Permit was printed out online ahead of time. Arrived at Hoh Ranger Station at 8am. Abundant parking. Hiked to Lewis Meadows group site camp which was outstanding. Had to cross two slow-moving streams, either barefoot or in water shoes. You could realistically just keep them on until the second crossing since they aren't that far apart. Two bear wires at Lewis Meadows and nice (by backcountry standards) toilets. Water was easy to access by the river.


Day 2

Left camp around 8am. Reached the ladder to find it bottlenecked by day-hikers going to look at the glacier. Ladder was in good shape but the sheath in the middle section of rope was stripped, revealing the individual strands which are the guts of a climbing rope. This section, while slow, was uneventful. Arrived at Glacier Meadows group site. Best water source seemed to be the group site camp just to climber's right of the emergency shelter, but we camped at the one that was straight ahead. Since no one else arrived for the second site, we used that water source. There were several toilets here and abundant bear wires.

PXL_20230715_195040605 (1).jpg

Day 3

After getting very mixed messages from others (including one group that started at 2am and got back at 10pm!) we decided to play it safe and leave early... 0030.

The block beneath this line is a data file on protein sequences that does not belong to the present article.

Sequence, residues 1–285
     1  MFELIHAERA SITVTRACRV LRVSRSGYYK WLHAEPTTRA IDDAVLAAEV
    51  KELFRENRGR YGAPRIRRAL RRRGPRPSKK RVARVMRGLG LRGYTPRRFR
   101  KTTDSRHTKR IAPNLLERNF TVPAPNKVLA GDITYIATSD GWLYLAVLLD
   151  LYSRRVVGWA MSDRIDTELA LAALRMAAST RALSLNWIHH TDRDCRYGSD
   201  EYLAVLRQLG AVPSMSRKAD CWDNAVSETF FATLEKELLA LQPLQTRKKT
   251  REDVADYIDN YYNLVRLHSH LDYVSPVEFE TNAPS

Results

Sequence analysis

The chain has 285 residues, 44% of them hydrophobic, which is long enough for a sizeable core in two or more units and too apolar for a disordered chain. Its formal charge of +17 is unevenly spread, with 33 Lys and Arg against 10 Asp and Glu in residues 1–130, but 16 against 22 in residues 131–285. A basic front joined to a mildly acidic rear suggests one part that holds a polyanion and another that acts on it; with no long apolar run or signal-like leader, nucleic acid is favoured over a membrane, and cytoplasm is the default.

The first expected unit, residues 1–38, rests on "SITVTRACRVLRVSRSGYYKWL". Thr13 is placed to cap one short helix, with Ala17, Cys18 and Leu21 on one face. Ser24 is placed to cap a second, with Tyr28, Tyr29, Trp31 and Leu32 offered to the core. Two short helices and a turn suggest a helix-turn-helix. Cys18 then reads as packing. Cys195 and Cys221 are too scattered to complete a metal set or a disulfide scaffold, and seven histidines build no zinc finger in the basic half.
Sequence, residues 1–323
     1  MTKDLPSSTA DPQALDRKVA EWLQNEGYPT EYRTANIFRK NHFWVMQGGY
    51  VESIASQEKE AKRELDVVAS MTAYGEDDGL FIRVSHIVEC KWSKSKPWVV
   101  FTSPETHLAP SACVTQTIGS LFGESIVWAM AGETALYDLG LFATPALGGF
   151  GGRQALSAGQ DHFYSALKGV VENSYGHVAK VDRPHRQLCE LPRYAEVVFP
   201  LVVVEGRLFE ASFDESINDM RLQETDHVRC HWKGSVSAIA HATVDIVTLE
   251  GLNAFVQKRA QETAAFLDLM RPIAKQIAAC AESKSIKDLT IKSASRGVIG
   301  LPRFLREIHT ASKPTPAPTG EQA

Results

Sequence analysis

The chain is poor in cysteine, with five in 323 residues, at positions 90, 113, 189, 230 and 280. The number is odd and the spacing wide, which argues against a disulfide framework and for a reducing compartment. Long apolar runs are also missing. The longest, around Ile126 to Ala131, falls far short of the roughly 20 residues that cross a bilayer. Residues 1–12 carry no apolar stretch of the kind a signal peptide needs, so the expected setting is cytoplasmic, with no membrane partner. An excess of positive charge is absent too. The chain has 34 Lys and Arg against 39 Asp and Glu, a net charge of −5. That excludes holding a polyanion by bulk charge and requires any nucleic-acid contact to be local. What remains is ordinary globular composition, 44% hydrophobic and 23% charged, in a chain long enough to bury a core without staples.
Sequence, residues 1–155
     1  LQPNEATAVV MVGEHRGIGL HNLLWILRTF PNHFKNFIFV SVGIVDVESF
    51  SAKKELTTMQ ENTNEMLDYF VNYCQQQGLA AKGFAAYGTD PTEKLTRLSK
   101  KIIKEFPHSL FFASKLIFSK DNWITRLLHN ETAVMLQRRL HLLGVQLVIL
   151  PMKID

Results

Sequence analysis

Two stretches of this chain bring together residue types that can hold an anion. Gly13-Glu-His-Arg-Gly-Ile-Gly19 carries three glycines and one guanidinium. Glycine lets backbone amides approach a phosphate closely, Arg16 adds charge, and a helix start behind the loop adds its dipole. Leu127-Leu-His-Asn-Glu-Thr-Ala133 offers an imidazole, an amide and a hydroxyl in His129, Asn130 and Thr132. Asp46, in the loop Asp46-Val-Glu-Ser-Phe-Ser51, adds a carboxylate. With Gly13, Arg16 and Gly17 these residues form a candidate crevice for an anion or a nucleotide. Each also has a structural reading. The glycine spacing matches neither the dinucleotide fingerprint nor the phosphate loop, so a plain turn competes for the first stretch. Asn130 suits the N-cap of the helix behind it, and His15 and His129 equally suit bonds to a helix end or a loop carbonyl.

Keep traveling along the moraine until you reach the very, VERY obvious white pole. This marks the start of the boot path, which is generally visible by headlamp but disappears in places. Eventually we got on nicer, stable rocks and worked our way down to the Blue Glacier.

We roped up and basically went straight across the Blue Glacier, which was mostly bare ice. At around 5,700 ft, we reached rock and snow which marks the transition off of the Blue Glacier. A very loud waterfall was running down the rocks. Here we unroped and ascended to 6,200 ft, alternating between snow and rock. Be aware that there is water running underneath a lot of the snow. 


At 6,200 ft is probably your last best place to get running water. Here we roped up again to begin the ascent of Snow Dome. Directly above us was a large patch of blue ice with some small crevasses in it. Not wanting anything to do with that, we opted for a low traverse, which pretty rapidly became a very sketchy, steep, runout traverse. In hindsight, we wish we had protected it with pickets.

IMG_5680.jpgYou can see the blue ice up high. The sketchy traverse is down low. The picture makes it look not-so-bad. Don't be fooled!

Once up on Snow Dome there was a very obvious boot path that took us to Crystal Pass without incident. Crystal Pass was melted out, so there's a little dirt climb up and over the notch. On the backside of the notch, the old boot path was split by a decent-sized crevasse, blocking the path. Instead, we went up a steep (~60 degree) snow wall for about 30 ft, which allowed us to get back onto the boot path toward the false summit.